Connect with us

Tech News

Picked.Email is the newest Email AI that will transform your inbox

(TECH NEWS) PickedMail is the newest email AI that turns your inbox to an extension of you through algorithms applied to your email usage.

Published

on

pickedmail

Picked.Mail

Between the ubiquity of Outlook and the fact that Gmail has more people than the Southern Hemisphere – really – you could be forgiven for throwing some side-eye at a startup looking for market share in email services. I mean, I did, and I’m a) a tech journalist b) exactly the kind of geek for geek’s sake who installs random emails client for fun.

bar
But PickedMail might just have more to it than a toy for techs to tinker with (heck yes alliteration!)

The plan

PickedMail’s pitch is simple enough: it’s a set of learning algorithms applied to your email usage. While you work, it picks up your habits, then sorts, tags, displays and stores your messages in ways customized to your unique preferences.

My nerd kindred out there are already scoffing that PickedMail isn’t anything new; fundamentally, it’s just an AI assistant limited to your email. That’s… true, really.

It’s also the strongest part of their service.

As a rule, duplicating functionality is not a smart move. “We do the same things the other guys do” is not a recipe for market share, especially when the guys in question have ten digits of committed customers.

That’s not true here.

Gmail owns a hemisphere, not Google, and very much not Google Assistant. Gigantic names, not just Google but Amazon, Apple and Microsoft, have gone hard for their various robot butlers, and to date they haven’t gotten a proportionally gigantic response. They’ve gotten lots of ink, limited consumer interest (I’m looking at Cortana right now and I can’t remember the last time I asked her something, though that may just be residual Halo trauma) and a non-negligible degree of backlash.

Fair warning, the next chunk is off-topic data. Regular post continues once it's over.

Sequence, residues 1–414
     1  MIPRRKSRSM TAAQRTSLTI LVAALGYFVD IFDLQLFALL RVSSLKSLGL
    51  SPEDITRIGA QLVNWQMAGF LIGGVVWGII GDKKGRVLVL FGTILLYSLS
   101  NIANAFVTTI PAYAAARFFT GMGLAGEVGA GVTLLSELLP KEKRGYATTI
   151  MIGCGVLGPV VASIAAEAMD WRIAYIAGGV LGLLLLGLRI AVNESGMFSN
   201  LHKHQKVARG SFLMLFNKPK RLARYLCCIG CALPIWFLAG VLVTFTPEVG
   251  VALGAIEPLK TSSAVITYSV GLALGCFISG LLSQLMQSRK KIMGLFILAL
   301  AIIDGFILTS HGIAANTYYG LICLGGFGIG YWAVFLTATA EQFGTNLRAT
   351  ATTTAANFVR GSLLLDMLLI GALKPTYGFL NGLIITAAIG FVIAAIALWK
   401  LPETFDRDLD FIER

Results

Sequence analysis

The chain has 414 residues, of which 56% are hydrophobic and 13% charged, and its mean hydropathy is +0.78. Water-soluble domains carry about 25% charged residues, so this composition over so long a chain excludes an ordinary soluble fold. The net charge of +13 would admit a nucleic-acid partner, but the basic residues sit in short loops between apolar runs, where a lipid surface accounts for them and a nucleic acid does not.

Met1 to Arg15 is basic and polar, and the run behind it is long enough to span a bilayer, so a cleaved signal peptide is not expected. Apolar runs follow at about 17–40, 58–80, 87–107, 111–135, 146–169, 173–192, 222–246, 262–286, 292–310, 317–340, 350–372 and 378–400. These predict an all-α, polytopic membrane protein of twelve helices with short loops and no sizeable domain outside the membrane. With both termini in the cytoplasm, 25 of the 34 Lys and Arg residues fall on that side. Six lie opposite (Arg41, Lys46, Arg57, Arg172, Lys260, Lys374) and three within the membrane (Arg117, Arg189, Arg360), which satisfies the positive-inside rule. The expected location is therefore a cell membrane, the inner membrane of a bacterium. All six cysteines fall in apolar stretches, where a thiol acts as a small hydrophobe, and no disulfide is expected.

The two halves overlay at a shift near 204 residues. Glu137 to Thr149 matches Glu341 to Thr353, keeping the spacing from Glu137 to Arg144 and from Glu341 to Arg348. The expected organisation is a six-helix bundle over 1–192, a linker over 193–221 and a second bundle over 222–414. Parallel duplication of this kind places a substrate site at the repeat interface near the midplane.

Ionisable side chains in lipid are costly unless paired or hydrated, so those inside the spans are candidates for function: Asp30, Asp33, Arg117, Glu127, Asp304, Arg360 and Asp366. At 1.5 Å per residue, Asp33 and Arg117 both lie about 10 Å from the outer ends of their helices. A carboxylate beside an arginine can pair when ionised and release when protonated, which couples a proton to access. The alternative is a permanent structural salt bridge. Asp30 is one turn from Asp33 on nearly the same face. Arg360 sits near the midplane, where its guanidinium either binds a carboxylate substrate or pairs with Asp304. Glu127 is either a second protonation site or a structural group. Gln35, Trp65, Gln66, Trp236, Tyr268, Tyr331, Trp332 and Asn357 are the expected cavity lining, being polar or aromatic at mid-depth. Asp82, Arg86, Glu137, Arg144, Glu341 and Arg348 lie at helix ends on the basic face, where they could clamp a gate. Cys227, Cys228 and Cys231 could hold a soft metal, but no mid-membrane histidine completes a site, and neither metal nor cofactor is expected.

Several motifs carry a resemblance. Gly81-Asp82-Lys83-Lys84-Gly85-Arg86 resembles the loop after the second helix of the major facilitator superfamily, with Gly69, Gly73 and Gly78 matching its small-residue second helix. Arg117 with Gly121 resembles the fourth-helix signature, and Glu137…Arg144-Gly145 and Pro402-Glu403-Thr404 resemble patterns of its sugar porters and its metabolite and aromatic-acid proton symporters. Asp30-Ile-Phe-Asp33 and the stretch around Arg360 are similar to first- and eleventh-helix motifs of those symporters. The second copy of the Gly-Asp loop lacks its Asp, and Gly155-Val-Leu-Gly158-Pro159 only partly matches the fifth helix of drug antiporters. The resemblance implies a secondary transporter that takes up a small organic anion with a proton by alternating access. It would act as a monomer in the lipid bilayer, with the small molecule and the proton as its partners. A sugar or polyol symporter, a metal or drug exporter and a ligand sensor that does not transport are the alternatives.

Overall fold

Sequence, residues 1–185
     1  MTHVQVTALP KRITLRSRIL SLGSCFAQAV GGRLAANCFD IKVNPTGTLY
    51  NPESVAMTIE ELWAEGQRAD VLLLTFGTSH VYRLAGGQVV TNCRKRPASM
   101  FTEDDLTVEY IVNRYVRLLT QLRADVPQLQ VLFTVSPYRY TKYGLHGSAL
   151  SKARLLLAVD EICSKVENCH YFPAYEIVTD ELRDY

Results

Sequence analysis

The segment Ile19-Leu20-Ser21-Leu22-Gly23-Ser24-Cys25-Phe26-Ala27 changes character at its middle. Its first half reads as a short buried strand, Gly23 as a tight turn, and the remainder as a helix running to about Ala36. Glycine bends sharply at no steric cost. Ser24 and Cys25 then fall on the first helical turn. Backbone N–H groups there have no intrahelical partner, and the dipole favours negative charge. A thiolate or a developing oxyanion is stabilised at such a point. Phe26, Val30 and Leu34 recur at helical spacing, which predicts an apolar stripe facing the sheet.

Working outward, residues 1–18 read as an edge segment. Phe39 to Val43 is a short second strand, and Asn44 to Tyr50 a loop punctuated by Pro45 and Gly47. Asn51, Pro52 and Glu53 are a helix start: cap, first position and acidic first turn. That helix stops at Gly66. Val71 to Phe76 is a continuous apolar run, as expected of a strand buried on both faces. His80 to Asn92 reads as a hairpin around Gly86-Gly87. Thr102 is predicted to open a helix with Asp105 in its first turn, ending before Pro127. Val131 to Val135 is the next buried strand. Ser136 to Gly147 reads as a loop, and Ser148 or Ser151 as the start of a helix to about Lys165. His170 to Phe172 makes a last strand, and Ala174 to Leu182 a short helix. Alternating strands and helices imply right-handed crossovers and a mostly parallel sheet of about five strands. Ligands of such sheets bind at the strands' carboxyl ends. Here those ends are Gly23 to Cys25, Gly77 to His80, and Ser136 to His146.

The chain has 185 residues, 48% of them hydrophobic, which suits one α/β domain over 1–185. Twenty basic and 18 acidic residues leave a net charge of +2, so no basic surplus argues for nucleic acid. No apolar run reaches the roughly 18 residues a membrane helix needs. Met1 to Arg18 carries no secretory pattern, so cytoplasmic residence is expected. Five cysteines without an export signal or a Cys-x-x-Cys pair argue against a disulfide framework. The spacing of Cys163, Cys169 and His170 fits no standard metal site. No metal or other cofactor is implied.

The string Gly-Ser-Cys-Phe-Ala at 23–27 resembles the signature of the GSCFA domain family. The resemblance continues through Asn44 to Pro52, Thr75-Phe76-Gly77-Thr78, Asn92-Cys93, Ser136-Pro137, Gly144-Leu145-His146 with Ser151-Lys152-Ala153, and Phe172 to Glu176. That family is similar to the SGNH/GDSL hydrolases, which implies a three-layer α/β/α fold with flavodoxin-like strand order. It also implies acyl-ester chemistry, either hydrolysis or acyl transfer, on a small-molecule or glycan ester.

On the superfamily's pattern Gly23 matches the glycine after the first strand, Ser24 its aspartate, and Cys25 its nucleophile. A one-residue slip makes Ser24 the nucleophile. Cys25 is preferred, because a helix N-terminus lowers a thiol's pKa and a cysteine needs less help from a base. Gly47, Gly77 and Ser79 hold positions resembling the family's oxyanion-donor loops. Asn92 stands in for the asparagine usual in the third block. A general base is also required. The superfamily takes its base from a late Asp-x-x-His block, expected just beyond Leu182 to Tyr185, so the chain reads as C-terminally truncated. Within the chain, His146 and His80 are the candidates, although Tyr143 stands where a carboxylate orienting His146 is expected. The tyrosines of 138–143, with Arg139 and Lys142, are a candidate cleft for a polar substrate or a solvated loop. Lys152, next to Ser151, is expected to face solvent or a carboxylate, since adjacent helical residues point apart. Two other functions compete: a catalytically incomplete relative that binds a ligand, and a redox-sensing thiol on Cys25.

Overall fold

Anti-AI

There are plenty of reasons folks are lashing backwise at AI, but one of the big ones, aside from the fact that between Cortana, Alexa and Siri they all sound like the evil computer from a sci-fi movie, is that it obscures functionality in the name of convenience, that folks are getting stuck with algorithms that don’t suit them and that they can’t easily fix. Another is compatibility: any one company’s robot may not always work and play well with other companies’ robots, or indeed other companies.

Why to pick PickedMail

PickedMail fixes both problems. First, functionality is as exposed as exposed gets: a plain old swipe interface will get you right into its little robot brain, there to change labels, fix storage schemes and generally fiddle with to your heart’s content. Second, you want to talk compatibility? It literally syncs with Gmail. If, like me, you already run your life out of that monolith, PickedMail isn’t just an email-specific AI, it’s an extra layer of useful functionality on top of the already insanely functional Gmail client.

PickedMail might be what it is on paper: a startup entry into a saturated market. But between the services it provides and, above all, the problems it says it can fix, problems that companies a thousand times their size haven’t found solutions for, it may also be worth a look.

If a stab at Email 2.0 sounds like your cup of Darjeeling, PickedMail is currently in public beta at Picked.Email.

#PickedMail

Matt Salter is a writer and former fundraising and communications officer for nonprofit organizations, including Volunteers of America and PICO National Network. He’s excited to put his knowledge of fundraising, marketing, and all things digital to work for your reading enjoyment. When not writing about himself in the third person, Matt enjoys horror movies and tabletop gaming, and can usually be found somewhere in the DFW Metroplex with WiFi and a good all-day breakfast.

Tech News

Dittach: Chrome extension keeps your Gmail files ultra organized

(PRODUCTIVITY) Reclaim your time with Dittach and quit digging through Gmail files for that needle in the haystack.

Published

on

dittach

So, have you ever been sent a picture of something in your Gmail and lost it for a few weeks? What about a copy of a form you need to sign? What about a document for your boss? If you’re sharing a lot of files in your Gmail, you may have a hard time keeping track of it all.